January: A Month of Extremes
2017-01-21 09:58:31.000 – Taylor Regan, Weather Observer
Yesterday, the summit saw a high of 35 degrees. The sky above was bright blue and nearly cloudless, with a blanket of undercast surrounding the mountain in every direction, and only the tallest of surrounding peaks poking through. Winds were in the 10-25 mph range with a peak gust in the early morning of 37 mph. All in all it was a great day. Did we break any records? No, but it was definitely above average. What are some things that make January a unique month up here for the summit? And how does this year compare to others on record?
Figure 1. Sunset over a blanket of undercast.
January holds some proud titles for Mt. Washington. It is the windiest month, with an average wind speed of 46 mph. And while being the driest month (with 6.44 inches of water equivalent precipitation) it is also the snowiest month, with 44 inches of snow and ice falling on average. January is the coldest month on the summit as well, with a monthly average of 4.7 degrees above zero. Given all these statistics it’s easy to see that yesterday was extraordinary, but how has the month shaped up as a whole so far?
Figure 2. Fading light over a diminished snowpack.
While yesterday’s high of 35 was 26 degrees above normal for the day, the summit also saw a spell of below average temperatures early in the month, with several days average of 10 degrees colder than normal. Taking the difference between the highest and lowest temperatures of the month, the summit saw a 59 degree spread! When averaged, our daily temperature for the month to date is 8.9 degrees, which is a 4.2 degree departure from normal.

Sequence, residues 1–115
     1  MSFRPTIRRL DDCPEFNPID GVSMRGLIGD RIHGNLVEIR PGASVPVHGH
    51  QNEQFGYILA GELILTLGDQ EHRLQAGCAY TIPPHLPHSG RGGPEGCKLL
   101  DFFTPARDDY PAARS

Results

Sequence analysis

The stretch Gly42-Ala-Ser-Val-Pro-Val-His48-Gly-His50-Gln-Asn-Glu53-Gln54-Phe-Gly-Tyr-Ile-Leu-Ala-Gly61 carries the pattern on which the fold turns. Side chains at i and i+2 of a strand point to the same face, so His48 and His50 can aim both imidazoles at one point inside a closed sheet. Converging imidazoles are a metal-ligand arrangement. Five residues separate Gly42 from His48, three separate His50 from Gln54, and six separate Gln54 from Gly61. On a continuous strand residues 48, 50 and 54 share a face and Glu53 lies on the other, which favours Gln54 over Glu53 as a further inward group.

Figure 3. Summit staff attempt the Mpemba challenge in -17°F with 65 mph winds.
While yesterday was mild in almost every sense of the word, the wind was no exception. Our 24-hour peak gust of 37 mph was less than our monthly average wind speed! Don’t let that fool you however, because of the last 20 days; we’ve seen seven with a gust over 100. All of this combines for a monthly average of 45.2 mph, not far off the typical monthly average of 46 mph.
Figure 4. Summit staff leaning into high winds.
Even though we’ve only received 3.29 inches of precipitation in the first 2/3rds of the month, putting us 3.15 inches below average for the month, an incoming storm this week is expected to bring 1-2 inches of liquid to the higher summits, evening the scales a bit. On average this month, we’ve trended drier and warmer than normal, but, in the true spirit of the mountain, we’ve seen plenty of variety.
Taylor Regan, Weather Observer